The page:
Studies show that health care providers are as infected with racial bias as any other cohort in American society, routinely underestimating and undertreating black patients’ pain and failing to take our symptoms seriously. And though I’m fortunate to have health insurance and access to high-quality medical facilities when far too many black women do not, the risks to black mothers and babies persist across income and education levels.
Given those realities, to be black and pregnant at this moment is to feel caught uncomfortably in an in-between space – after society has recognized the breadth of the problem, but before large-scale reforms to address it are implemented.
The expectation that black women will resort to self-help when systemic change is slow in coming is a familiar one for those of us in marginalized groups: While the gender pay gap persists, women are told to lean in and learn to negotiate to make up the difference; as racial gaps in education continue to defy large-scale efforts toward improvement, black children are taught they need to be “twice as good” to get ahead in the world.
On the issue of black maternal health, groups like the Black Mamas Matter Alliance, an advocacy and research organization focused on black maternal health, rights and justice, have stepped up not only to call for large-scale policy reforms, but also to do work with a more immediate impact, such as offering trainings for clinicians, midwives, doulas and other maternal care service providers on how to provide respectful, holistic care to black mothers.
I’ve also tried to help other black women in my own small way. As one of the first of my friends to have a baby, during and after my first pregnancy I wrote and shared with them an informal guide on everything from managing pregnancy symptoms and birth preparation tips, to perspectives on engaging a doula and postpartum self-care. The animating force behind my work was the knowledge that until necessary systemic reforms are put into place, black women have to fend for ourselves – and for each other.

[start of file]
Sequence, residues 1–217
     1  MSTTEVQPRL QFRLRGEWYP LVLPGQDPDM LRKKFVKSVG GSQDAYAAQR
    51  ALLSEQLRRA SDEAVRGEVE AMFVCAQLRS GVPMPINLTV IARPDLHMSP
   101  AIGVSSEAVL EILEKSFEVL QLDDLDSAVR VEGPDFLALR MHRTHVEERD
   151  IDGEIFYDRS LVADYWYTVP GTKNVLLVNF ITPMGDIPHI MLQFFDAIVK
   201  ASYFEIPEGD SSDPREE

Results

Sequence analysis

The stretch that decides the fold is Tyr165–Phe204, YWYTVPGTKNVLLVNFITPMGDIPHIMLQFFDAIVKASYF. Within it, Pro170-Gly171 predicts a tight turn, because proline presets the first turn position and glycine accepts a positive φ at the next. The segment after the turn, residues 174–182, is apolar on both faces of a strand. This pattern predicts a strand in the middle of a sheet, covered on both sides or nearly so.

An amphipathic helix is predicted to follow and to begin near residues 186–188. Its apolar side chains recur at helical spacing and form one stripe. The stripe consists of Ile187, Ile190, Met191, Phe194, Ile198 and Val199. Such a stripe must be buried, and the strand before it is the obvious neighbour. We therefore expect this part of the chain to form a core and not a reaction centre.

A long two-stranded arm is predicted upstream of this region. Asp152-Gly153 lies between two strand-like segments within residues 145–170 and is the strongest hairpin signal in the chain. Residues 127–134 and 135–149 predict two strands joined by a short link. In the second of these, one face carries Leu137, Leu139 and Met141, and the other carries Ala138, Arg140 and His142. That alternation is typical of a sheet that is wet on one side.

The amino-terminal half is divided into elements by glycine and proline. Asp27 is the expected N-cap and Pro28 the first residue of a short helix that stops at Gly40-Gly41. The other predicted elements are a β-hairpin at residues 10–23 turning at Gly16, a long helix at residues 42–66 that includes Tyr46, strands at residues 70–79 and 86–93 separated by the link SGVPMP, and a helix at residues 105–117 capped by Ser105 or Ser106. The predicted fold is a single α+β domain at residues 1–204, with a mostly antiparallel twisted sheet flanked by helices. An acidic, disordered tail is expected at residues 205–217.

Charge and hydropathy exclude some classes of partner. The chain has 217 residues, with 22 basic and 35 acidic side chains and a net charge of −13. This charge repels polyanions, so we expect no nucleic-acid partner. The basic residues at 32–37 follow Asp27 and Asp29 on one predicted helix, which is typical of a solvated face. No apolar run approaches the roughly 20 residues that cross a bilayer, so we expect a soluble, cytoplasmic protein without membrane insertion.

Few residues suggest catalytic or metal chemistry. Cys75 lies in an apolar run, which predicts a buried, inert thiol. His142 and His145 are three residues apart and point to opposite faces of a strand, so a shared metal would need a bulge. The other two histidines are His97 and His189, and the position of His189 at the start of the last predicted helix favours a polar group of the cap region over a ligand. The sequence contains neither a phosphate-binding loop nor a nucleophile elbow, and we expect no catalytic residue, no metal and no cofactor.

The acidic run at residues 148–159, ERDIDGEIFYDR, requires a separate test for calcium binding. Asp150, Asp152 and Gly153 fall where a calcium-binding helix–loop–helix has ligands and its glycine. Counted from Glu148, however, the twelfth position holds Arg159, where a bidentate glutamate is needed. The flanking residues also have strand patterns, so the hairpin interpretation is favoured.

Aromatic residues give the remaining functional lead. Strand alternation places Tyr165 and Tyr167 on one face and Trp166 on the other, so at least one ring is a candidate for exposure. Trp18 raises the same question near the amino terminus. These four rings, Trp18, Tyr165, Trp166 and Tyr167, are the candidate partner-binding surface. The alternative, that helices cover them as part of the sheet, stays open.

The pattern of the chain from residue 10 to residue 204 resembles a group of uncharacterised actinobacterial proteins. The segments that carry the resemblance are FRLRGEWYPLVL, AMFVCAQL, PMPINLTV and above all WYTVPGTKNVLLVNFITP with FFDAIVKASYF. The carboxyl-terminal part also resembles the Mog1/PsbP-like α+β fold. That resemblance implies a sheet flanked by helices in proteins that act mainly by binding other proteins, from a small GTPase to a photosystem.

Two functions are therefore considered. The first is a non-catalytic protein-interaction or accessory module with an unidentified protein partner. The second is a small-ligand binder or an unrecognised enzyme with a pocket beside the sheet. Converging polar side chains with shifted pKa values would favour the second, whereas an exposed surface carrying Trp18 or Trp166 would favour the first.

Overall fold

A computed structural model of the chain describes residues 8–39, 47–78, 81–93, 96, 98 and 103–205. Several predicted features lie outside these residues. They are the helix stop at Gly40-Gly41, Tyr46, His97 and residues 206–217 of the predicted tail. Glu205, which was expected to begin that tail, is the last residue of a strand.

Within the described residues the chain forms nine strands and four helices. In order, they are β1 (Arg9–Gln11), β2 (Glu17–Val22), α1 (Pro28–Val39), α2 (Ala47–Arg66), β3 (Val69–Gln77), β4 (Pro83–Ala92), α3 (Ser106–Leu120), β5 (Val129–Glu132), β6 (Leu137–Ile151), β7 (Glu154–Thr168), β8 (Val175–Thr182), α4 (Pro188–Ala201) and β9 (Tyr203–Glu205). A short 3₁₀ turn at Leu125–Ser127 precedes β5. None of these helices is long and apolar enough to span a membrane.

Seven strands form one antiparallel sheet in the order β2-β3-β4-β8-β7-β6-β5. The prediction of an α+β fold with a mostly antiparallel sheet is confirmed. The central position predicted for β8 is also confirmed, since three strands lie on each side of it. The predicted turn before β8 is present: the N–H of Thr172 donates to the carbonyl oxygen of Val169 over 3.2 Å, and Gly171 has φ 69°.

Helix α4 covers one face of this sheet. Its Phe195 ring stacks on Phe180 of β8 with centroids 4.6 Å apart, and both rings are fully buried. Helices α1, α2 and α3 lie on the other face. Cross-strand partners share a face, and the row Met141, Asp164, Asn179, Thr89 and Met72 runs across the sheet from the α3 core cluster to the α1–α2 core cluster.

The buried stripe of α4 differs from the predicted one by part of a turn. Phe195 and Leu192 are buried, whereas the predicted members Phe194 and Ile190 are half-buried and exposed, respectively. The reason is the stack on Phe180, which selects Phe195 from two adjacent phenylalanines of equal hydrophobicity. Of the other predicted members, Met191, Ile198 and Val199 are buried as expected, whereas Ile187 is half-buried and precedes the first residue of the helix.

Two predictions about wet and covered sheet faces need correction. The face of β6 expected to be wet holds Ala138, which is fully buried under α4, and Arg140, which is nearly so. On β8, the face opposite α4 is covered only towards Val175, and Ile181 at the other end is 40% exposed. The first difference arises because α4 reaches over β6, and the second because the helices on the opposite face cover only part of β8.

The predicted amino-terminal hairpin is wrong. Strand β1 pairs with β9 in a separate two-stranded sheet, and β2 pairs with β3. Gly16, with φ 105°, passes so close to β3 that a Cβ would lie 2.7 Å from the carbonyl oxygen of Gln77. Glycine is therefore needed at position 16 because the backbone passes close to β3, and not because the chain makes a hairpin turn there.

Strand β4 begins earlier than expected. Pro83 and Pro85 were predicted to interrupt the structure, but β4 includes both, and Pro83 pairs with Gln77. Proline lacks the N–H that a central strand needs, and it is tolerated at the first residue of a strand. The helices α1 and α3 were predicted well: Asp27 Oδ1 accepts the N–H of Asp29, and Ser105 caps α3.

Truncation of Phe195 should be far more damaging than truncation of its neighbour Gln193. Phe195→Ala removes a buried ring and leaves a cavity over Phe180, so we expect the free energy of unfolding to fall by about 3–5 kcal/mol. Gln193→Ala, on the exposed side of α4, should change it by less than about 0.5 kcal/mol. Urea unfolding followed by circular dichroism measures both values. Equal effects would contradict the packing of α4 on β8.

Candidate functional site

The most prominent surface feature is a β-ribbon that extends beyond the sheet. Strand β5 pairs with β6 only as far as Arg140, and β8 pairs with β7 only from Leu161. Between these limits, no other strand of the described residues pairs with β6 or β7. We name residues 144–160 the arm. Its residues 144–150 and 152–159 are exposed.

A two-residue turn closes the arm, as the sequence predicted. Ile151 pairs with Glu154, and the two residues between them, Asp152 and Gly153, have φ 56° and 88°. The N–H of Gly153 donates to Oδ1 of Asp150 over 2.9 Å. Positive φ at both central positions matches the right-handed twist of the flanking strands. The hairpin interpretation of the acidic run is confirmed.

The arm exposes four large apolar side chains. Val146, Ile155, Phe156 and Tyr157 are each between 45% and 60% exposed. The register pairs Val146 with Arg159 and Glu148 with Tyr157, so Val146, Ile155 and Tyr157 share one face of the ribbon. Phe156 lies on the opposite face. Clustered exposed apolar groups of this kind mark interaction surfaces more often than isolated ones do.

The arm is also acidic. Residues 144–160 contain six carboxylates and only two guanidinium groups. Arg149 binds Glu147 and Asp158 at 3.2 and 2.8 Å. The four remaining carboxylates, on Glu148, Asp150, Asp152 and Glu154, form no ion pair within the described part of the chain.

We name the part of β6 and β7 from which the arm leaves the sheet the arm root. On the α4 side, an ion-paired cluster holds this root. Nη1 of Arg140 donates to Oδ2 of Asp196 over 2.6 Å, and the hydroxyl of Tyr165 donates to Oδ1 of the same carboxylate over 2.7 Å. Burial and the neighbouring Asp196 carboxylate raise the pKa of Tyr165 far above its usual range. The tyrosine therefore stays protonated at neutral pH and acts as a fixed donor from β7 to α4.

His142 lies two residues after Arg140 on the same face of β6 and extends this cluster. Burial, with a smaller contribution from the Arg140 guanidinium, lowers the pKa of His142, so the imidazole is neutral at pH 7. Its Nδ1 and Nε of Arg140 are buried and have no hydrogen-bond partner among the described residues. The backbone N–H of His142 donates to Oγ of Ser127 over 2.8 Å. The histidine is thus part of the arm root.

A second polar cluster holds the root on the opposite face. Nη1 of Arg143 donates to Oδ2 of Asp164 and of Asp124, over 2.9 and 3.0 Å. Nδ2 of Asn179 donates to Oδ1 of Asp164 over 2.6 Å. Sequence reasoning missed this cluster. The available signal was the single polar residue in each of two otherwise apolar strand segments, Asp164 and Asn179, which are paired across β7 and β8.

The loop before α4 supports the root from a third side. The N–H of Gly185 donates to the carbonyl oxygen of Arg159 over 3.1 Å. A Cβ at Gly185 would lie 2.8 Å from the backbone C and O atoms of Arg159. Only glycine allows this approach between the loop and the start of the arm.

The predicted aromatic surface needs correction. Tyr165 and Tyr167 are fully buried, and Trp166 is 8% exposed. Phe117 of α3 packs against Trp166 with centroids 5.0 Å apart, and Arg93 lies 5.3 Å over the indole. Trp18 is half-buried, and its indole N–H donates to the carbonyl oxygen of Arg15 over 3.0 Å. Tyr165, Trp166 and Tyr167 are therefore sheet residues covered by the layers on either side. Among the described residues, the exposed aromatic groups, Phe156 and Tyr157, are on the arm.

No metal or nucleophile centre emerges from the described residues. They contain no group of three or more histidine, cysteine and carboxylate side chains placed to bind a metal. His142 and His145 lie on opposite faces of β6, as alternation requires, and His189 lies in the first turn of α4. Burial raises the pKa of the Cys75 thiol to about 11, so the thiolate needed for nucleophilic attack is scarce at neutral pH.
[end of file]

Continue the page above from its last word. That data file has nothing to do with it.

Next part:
But I shouldn’t have to do all that just to give my friends and our babies the chance to survive and thrive in the world. At such a vulnerable, exhausting and hopefully joyful time in our lives – one when we’re constantly admonished to avoid stress – black mothers should be able to trust that we can lean on others, especially medical providers, to assist in our care.
So, while it’s heartening to see politicians and others beginning to recognize the significance and urgency of black maternal health issues, it’s imperative that the solutions we look toward include long-term systemic fixes, but also shorter-term stopgap measures that can help black women whose pregnancies will have begun and ended before the next presidential election comes around. That might mean funding grants to allow more women to afford better prenatal care and hiring doulas to help them navigate the system – or providing increased data and transparency on which care providers and institutions are safest for black women right now.
With those kinds of immediate reforms, policymakers could begin to lighten some of the mental and logistical burden on black mothers-to-be who are carrying so much already.